Like Bali, Banda Aceh has a distinct personality that you can grasp far quicker than you can Jakarta’s.  The similarities end there, however.  A professor from the Islamic University, where we visited Thursday, said it best: “here in Aceh we are always in conflict.” Before the 2004 tsunami, the region was torn by the GAM rebels (which we have been cautioned to refer to as “combatants”), and now as the last NGOs pull out of the region, the new implementation of sharia law has begun a national debate about religion and human rights.

Globalist reporters cover their heads and uncover their feet for entrance into Banda Aceh's Grand Mosque.

Sightseeing of the city is sightseeing of these conflicts. When we arrived last Wednesday, we women donned hijabs and long sleeves for our first entrance into an official “Muslim Dress Area” and later visited two ships that the tsunami waters had carried onto land. Beside the second, a massive tanker was a small photo memorial to those killed in the disaster.  It was a whitewashed wall with maps and diagrams that flanked a central niche in which around a hundred more-unsettling photos were compiled.  These photos had been taken in the days immediately after the water receded. They contained bodies and body bags. They were unedited for graphic content.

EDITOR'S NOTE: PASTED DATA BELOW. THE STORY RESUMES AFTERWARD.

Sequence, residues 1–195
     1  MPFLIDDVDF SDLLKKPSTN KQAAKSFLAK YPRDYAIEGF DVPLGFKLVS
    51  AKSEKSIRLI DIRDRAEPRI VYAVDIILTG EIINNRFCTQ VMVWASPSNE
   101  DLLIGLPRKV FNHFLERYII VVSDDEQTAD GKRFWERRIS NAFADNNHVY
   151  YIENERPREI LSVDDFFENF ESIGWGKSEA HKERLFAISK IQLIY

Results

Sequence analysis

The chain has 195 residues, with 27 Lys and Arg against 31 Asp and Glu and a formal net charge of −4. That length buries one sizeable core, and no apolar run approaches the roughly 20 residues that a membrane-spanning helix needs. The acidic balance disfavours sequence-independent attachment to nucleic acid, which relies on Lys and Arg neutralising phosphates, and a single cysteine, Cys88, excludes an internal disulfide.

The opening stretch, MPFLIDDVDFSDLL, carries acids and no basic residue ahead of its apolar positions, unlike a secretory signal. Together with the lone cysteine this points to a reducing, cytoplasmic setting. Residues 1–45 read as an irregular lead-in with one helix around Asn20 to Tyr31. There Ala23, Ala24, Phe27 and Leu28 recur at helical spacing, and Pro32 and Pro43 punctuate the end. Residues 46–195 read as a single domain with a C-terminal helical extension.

After sitting and saying nothing as a group for the first real time on this trip, we got into a discussion about the purpose and ethics of photography in situations like these. There was disgust that someone even took a photograph when that many seconds of some kind of helping was the alternative.  There was appreciation that someone took a photo in that situation because of that much more it might encourage aid organizations.  But did they even see these photos? We had not seen them before. Who saw them at the time, and what were the motivations of photographers?

The photographs were neither captioned nor given acknowledgements, so we did not know if they were taken by the Acehnese or by visiting aid workers or the media.

Is it acceptable to enter a post-disaster situation only to photograph? Social critic Susan Sontag says that “all images that display the violation of an attractive body are, to a certain degree, pornographic.”  This comment is from Regarding the Pain of Others, which deals largely with war photography; it is important to note the differences between that, post-disaster photography, and the general aestheticizing of poverty that sometimes occurs when the wealthier enter a less wealthy area (see: slum tourism). Still, photographs of carnage after a storm carry the same weight as those on a battlefield in a sense that the photographer is choosing to make an event of this tragedy as opposed to everyday tragedy.